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Archive for July, 2015

Launching Into College and Beyond

Tuesday, July 28th, 2015

From colonial times until about 1940, young adults usually lived with parents or relatives. In fact, it was common to send unmarried children to relatives to become servants or apprentices. In some American colonies it was actually illegal for unmarried people to live alone. From 1940 to the present, things started to change. Unmarried children began living on their own and in the 1960s the term “Independent Life Stage” was coined. Expecting independence after age 18 has become the norm in the United States. In our practice we see both ends of the spectrum: young adults who are not ready for independence, and parents who are not ready to give up their jobs.

Parents with older teens resisting independence may worry their child is never going to mature enough to self-care and leave home. The fact is, many young people are not well suited to independence right after high school and are possibly more vulnerable to anxiety and depression. Even now, in the second decade of the new millennium, parents are worried when an adult child ‘boomerangs’ home again from university even though the percentage of unmarrieds living at home is nowhere near the rate pre-1940. Launching a young adult with a history of anxiety, depression, or addiction may take more time, and require more attention to establishing support and counseling services.

On the other end of the spectrum, parents resisting their child’s independence may actually be resisting the launching process. A recent Washington Post article described how helicopter parents’ “Failure to Launch” is ruining their college students. Launching begins when the first child leaves and ends when the last child leaves. During this time marriages experience greater stress due to challenges developing adult relationships with children, refocusing the on the marriage, accepting new family members, and declining health and energy levels.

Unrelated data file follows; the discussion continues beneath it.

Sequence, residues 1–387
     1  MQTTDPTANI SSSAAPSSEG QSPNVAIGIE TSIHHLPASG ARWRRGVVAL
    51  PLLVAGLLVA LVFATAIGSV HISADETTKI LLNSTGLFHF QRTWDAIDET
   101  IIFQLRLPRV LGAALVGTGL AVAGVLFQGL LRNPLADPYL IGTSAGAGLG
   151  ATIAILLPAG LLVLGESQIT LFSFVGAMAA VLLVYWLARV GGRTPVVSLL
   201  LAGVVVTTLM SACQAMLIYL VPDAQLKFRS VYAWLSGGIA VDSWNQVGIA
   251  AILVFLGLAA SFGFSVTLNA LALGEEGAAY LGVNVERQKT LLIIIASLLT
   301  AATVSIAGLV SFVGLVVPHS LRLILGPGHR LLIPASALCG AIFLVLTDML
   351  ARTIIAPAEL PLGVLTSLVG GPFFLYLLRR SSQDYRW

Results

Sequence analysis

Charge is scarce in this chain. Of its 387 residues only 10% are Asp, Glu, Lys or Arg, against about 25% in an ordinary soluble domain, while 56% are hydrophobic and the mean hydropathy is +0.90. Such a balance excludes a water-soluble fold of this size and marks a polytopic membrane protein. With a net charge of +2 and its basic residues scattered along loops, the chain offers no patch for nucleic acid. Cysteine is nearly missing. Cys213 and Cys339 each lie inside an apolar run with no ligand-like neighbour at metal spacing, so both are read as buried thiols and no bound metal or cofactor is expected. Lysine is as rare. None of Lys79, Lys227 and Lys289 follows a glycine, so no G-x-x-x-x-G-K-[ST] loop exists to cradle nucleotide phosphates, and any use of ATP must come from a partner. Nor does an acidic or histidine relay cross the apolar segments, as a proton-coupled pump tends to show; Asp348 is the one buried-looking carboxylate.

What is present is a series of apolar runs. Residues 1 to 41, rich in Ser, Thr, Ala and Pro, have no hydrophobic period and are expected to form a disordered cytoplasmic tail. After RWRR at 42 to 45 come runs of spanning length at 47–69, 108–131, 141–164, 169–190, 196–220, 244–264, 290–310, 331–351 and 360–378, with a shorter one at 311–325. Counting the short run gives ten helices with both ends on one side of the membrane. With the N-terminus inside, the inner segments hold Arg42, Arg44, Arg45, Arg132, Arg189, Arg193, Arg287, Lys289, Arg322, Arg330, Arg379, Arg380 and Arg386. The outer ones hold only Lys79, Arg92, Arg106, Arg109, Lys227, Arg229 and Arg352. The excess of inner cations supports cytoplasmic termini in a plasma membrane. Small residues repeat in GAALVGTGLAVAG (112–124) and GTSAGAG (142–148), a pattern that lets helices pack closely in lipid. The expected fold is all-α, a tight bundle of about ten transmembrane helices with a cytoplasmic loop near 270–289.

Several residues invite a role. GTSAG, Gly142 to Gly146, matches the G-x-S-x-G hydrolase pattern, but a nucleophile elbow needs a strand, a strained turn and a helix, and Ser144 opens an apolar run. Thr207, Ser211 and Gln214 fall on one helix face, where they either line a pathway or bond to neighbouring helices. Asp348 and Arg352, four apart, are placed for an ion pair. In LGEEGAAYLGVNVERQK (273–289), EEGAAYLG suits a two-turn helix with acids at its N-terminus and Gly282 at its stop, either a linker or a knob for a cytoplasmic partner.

So how can you help you and your young adult prepare for this inevitable life transition? First, talk with them about their fears. Young adults wonder, “How do we become adults?” “What am I really afraid of?” What are the reasonable risks of growing up?” “(Mom and Dad), What was your own launching period like?” Next, realize that colleges do NOT prepare seniors for the transition from college to independence. Six months before graduation provide your own orientation and explain things like credit card debt. Finally, if your child needs to stay home a bit longer, discuss expectations on both sides. Resist the urge to do everything for your adult child at home and create a clear exit plan for leaving that you review every three months.

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